from the flooding-the-system dept

Back in college, I took an arbitration class, and it was one of my favorite classes. The professor (James Gross, who just retired last year after teaching for an astounding 56 years) was amazing, and I became a little obsessed with the entire idea and process of arbitration as an alternative to the costly and much more time intensive court process. However, lots of big businesses became obsessed with the concept as well, and, as we’ve covered over the years, that’s resulted in them spending much of the early 2000s turning the system to their advantage.

First, they built in arbitration clauses to agreements that effectively blocked certain types of lawsuits with “binding” arbitration, which the Supreme Court said was fine. Then they said that unalterable “click-wrap” agreements with binding arbitration clauses could take away your rights to go to court. And the people studying arbitration results quickly learned that the businesses quite frequently win any arbitration claim, in part because the company is the one hiring the arbitrator, and if they side against the company too often, guess who isn’t getting hired again later?

So, forced arbitration agreements, for a while, turned into a method for big companies to screw over customers, users, employees and more.

But… over the last few years, we’ve been highlighting how people have started to fight back against the companies who forced arbitration on them by flooding them with arbitration claims. Don’t want to deal with class action lawsuits? Fine, how about a few hundred arbitration claims, each one you have to deal with separately? Amusingly, over the last few years, the same folks who spent decades twisting the arbitration system to their own advantage have been flipping out, now that arbitration claims have become a form of distributed denial of service attack in protest to the company’s bad behavior.

Now, as you well know, in the last few months, Elon Musk has laid off a huge percentage of Twitter’s former employees. When he took over the company it had around 7,500 employees. Within a month that number was closer to 2,500. The most recent report I’ve seen is that the company is down to around 1,000 employees. So, approximately 6,500 employees are gone.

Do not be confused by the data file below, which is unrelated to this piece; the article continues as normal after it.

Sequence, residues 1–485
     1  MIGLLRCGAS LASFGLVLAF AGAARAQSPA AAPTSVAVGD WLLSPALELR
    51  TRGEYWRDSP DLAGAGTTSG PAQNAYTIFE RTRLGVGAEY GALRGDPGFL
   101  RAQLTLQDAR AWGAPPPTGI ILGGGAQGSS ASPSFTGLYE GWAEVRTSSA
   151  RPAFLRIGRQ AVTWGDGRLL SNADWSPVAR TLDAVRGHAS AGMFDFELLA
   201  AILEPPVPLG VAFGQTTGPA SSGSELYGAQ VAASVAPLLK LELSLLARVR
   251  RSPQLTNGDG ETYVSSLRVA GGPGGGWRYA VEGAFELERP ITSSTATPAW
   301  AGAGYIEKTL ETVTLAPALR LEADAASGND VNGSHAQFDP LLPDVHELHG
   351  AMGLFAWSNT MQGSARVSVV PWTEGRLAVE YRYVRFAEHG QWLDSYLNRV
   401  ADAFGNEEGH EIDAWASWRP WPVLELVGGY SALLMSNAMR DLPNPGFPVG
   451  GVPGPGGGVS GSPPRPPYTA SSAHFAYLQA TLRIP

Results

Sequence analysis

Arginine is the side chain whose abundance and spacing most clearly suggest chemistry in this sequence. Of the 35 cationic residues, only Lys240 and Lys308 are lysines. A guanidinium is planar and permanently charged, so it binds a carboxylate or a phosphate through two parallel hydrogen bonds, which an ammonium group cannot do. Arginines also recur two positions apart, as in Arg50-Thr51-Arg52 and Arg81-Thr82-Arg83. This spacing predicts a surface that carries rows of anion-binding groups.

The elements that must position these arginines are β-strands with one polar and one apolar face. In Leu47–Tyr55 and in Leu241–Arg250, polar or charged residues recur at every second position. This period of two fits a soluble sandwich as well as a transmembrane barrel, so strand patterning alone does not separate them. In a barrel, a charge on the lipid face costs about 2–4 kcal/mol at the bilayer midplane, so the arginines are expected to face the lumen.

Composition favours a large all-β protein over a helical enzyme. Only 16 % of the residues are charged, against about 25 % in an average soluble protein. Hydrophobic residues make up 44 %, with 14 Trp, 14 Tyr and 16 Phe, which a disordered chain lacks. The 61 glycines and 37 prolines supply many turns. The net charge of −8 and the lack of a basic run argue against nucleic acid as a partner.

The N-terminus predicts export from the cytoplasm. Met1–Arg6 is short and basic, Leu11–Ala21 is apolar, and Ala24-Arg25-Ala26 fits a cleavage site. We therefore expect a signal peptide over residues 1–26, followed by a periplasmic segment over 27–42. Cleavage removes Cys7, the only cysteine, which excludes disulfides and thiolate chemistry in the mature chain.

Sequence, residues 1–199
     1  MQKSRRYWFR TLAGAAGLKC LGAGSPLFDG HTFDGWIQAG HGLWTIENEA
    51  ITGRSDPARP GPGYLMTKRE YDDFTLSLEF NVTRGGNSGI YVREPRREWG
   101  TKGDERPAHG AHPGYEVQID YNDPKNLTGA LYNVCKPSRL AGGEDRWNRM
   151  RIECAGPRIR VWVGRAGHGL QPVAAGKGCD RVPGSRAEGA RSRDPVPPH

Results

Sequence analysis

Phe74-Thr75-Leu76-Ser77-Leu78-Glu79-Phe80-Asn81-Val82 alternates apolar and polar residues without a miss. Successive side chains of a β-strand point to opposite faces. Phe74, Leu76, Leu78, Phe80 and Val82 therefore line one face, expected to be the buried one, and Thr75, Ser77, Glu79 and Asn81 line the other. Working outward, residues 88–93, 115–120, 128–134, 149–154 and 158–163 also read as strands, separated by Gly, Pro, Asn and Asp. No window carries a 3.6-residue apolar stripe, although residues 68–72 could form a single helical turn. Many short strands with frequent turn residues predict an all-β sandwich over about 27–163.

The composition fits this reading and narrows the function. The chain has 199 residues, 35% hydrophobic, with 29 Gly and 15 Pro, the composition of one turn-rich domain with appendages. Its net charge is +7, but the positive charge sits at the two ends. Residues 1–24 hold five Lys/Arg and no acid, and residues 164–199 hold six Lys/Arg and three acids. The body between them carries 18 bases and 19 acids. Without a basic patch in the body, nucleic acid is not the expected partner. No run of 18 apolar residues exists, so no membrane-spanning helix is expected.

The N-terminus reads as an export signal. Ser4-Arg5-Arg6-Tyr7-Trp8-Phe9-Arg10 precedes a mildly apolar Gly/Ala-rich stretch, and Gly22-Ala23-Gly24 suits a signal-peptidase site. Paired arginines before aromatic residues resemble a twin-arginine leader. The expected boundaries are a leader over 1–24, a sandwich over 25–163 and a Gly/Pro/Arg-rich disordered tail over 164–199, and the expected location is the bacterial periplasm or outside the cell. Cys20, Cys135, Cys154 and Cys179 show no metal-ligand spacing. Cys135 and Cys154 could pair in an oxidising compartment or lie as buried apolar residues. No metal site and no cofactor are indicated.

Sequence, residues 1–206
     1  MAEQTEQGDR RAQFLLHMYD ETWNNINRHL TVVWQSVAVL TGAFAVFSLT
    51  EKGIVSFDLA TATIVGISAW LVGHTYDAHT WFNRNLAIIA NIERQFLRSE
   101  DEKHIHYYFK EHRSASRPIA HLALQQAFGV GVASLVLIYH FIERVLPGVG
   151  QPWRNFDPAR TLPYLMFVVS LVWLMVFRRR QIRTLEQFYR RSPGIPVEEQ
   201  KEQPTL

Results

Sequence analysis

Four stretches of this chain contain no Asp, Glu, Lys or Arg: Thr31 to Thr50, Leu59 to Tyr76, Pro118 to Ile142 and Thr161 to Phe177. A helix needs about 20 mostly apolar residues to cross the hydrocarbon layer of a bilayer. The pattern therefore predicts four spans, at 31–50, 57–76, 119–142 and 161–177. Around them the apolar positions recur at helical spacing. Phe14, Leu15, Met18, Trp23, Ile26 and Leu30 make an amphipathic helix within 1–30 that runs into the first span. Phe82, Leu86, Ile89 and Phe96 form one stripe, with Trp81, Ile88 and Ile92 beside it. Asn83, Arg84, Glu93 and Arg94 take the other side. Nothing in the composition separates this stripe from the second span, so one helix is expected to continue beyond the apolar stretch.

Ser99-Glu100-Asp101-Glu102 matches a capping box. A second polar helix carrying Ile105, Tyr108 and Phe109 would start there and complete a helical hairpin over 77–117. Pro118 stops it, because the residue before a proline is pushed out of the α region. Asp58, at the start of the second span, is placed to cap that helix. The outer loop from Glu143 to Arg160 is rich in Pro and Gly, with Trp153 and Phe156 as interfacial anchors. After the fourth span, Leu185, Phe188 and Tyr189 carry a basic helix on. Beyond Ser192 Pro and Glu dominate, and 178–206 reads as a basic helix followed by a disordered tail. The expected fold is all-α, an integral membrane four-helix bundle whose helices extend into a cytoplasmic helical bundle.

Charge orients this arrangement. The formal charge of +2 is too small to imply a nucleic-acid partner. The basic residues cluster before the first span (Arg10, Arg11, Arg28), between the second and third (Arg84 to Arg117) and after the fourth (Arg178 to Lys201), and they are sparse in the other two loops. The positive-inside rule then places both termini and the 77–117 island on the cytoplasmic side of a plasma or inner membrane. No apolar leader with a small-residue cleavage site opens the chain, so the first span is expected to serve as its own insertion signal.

Another important point: part of the purchase agreement that Musk signed (but apparently did not read very carefully, given his hilariously inept attempt to get out of it) was that employees under Musk’s ownership would get “substantially comparable benefits” to what they had under the old company, including severance payments:

Parent shall, or shall cause the Surviving Corporation or any of their Affiliates to, provide for each Continuing Employee (i) at least the same base salary and wage rate, (ii) short- and long-term target incentive compensation opportunities that are no less favorable in the aggregate than those provided to each such Continuing Employee immediately prior to the Effective Time (provided that Parent shall not be obligated to provide such incentives in the form of equity or equity-based awards) and (iii) employee benefits (excluding equity and equity-based awards) which are substantially comparable in the aggregate (including with respect to the proportion of employee cost) to those provided to such Continuing Employee immediately prior to the Effective Time. Without limiting the generality of the foregoing, during the Continuation Period, Parent shall provide, or shall cause the Surviving Corporation or any of their Affiliates to provide severance payments and benefits to each Continuing Employee whose employment is terminated during such period that are no less favorable than those applicable to the Continuing Employee immediately prior to the Effective Time under the Company Benefit Plans.

Of course, for a while, Musk, who verbally promised three months severance (which was below what the company had previously offered, and really only one month, since the first two months were required by the WARN Act, and were actually just continuing salary, since he had to give 60 days of notice for a layoff) refused to provide employees with any severance documentation. Then, when the documentation finally came, it was way less than they expected. They also included gag orders and giving up legal rights.

Many employees chose to fight this, including suing the company. But, those old pesky arbitration clauses meant that some of the lawsuits were dismissed, with the judge telling employees they had to go to arbitration, instead.

It turns out that many of them did.

1,986 former Twitter employees have filed arbitration claims.

And Twitter’s lawyers at the big law firm of Morgan Lewis are flipping out about it. They’re asking the arbitrators if they can combine the discovery process so they don’t have to go through 1,986 separate discovery efforts.